Loved for Life is a collection of programs designed to keep pets in safe, loving homes, and out of shelters.
We offer a free pet food pantry, low-cost vaccinations, income-qualified spay/neuter surgeries, pet moving supplies, behavioral assistance, and self-rehoming options. Choose from the menu below for more information on our Loved for Life services.
For questions about the programs we offer, please email OUTREACH@MOHAWKHUMANE.ORG >>.
Many pet-friendly apartments require proof of rabies vaccination and spay/neuter surgery. We can help if this is a financial burden. We offer low-cost rabies vaccination and microchipping for all members of the public and, for those who income qualify, core vaccinations and spay/neuter surgery at a reduced cost.
Information regarding basic cat care from Cornell University >> and basic dog care from UC DaviS >>. These resources should be used as assistance for basic behavior or medical guidance for your pets during a move or change in household make-up. This should NOT but used in replacement for diagnostic care.
If your pet’s behavior could be a barrier to securing safe and affordable housing, reach out to us via our behavior helpline. We offer free behavioral advice, and if needed, affordable personal and group training for dogs. Fees are sliding scale based on your income qualifications. Your dog must be up-to-date on all of its vaccines to participate in dog training through MHHS.
|Service||Tier 1||Tier 2||Tier 3|
|Basic Obedience Class||$120||$90||$60|
|Reactive Dog Class||$140||$105||$70|
|Private Session (1 hour, at shelter only)||$105||$85||$65|
Moving can be stressful on both humans and pets. Pets may have behavior or medical challenges during a move due to stress. Below you will find helpful information regarding relocating with your pet and the top two issues we see when moving with dogs: crate training and separation anxiety.
rELOCATING WITH YOUR PET >> cRATE TRAINING >> sEPARATION ANXIETY >>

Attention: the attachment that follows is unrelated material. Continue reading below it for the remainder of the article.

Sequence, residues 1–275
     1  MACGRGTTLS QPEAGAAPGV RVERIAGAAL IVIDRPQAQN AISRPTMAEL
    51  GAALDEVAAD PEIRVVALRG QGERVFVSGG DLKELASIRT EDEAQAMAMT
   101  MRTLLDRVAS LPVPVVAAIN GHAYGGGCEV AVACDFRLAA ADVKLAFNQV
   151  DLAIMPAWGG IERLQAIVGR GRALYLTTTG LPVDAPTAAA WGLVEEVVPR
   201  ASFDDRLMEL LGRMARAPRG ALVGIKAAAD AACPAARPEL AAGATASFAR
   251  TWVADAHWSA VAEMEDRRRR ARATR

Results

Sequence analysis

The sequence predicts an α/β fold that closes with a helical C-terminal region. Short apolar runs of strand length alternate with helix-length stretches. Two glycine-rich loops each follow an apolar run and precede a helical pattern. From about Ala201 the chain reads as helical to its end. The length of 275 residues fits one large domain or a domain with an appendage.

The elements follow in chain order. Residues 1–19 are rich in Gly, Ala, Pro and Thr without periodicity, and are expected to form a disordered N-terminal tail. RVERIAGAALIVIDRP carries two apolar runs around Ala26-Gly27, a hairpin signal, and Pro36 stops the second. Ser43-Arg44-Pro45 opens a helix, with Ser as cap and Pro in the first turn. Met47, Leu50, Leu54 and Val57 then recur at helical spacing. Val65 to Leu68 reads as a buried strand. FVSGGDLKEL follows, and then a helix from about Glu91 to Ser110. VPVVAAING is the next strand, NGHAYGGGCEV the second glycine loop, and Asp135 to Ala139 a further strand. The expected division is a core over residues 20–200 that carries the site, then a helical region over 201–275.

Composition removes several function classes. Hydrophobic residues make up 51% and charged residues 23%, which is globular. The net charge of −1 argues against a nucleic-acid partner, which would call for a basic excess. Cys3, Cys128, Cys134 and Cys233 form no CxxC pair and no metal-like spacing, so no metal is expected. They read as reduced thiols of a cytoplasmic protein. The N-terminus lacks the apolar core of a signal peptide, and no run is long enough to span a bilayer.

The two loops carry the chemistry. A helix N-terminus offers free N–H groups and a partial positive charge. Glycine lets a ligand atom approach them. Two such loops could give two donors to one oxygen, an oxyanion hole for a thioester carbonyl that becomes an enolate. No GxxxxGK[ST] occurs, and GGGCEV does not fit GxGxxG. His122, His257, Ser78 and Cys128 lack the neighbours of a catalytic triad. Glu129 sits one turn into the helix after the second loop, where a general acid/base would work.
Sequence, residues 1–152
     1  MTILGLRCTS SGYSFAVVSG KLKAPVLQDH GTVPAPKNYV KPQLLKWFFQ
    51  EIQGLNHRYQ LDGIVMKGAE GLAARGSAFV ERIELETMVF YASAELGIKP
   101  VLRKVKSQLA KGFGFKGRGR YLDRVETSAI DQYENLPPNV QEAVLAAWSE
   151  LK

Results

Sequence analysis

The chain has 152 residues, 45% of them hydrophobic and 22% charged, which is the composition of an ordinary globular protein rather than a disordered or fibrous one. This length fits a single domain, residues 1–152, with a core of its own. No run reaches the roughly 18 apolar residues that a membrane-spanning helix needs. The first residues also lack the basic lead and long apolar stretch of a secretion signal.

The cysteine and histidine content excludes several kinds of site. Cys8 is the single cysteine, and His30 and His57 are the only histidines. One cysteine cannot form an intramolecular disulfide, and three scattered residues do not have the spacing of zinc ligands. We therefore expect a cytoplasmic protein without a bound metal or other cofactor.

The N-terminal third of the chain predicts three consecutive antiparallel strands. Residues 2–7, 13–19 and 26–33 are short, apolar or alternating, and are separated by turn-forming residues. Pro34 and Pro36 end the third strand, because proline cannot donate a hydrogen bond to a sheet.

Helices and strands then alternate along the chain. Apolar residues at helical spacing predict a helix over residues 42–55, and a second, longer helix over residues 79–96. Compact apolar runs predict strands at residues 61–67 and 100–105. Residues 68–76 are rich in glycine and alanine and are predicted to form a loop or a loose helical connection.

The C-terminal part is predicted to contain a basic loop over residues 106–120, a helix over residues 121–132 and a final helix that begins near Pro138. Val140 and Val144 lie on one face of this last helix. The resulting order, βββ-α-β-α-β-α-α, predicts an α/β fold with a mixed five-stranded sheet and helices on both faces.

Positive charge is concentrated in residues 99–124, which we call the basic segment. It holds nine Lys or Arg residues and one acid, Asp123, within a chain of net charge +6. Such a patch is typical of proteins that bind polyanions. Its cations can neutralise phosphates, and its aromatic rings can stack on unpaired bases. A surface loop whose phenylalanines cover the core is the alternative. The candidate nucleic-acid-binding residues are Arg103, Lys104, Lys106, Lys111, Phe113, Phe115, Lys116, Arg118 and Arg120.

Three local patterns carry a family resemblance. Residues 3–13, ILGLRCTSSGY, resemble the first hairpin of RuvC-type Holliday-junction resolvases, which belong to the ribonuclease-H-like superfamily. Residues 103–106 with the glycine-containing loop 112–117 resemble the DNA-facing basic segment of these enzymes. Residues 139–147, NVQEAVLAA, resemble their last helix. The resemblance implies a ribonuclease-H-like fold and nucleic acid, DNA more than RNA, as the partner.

litter box training >> moving with a cat >>
We have expanded the reach of our Pet Food Pantry. There are no income qualifications for this program, so if you have a pet in need, you can visit us at the shelter or stop by one of our community partners
We think pets belong in safe, loving homes with their families, so whenever possible we will help you try to avoid rehoming your pet. Deciding to rehome your pet is never an easy decision, and we want to support you however we can. Here are some helpful tips for rehoming your own pet. If your pet is social with people and other pets and generally healthy, you can apply to have your pet accepted into our Adoptions Program, but we strongly suggest you try to rehome on your own first.
Before you decide to rehome
- Be thorough and patient. Finding the right home takes time, but it's worth it for you and the sake of your pet.
- A healthy pet is easier to rehome. Make certain that your pet is up-to-date on all vaccinations. Provide copies of veterinary paperwork. If your pet is not spayed or neutered, we highly recommend getting this done. Please check out our low-cost veterinary services >> available.
- Work on your pet's manners. Work with your pet to make sure that they are comfortable with different people and situations. While you are searching for the perfect home, continue to work with your pet on manners, socialization, and maybe even teach them a new trick or two. Please reach out to our Behavior Helpline >> for help.
- Get some great pictures. Show off all of your pet's great personality by taking several good quality photos of your pet. Use treats or a toy to help capture your pet's attention when taking photos, and remember to have good lighting.
- Tell everyone about your pet. Write a story about your pet that includes the reason you need to rehome your pet, the type of home and family your pet would thrive in, and some fun and interesting things about your pet. It always helps if you can tell the story from your pet's perspective. For example, "My name is Cardinal, or Cardi for short. I'm a happy, playful girl who loves everyone. And guess what? Everyone loves me too!"
- Spread the word. Simple templates can be found online to create a rehoming flyer or poster for networking and in-person sharing. If you are physically posting them around your area, be sure to place posters where pet owners may visit: the post office, pet supply stores, community centers, veterinary offices, and grooming salons.
- Use your network. Give your photos, story, and email to all your friends and family. Use your social media accounts to ask your network to share your rehoming request. Advertise through your community bulletin board, neighborhood association Facebook pages like Steve Caporizzo's Pet Connection >>, or your local NextDoor >> app. Ask friends, co-workers, and family members if they are looking to add a companion to their family. Placing your pet with someone you know would obviously be the easiest solution for your pet and yourself.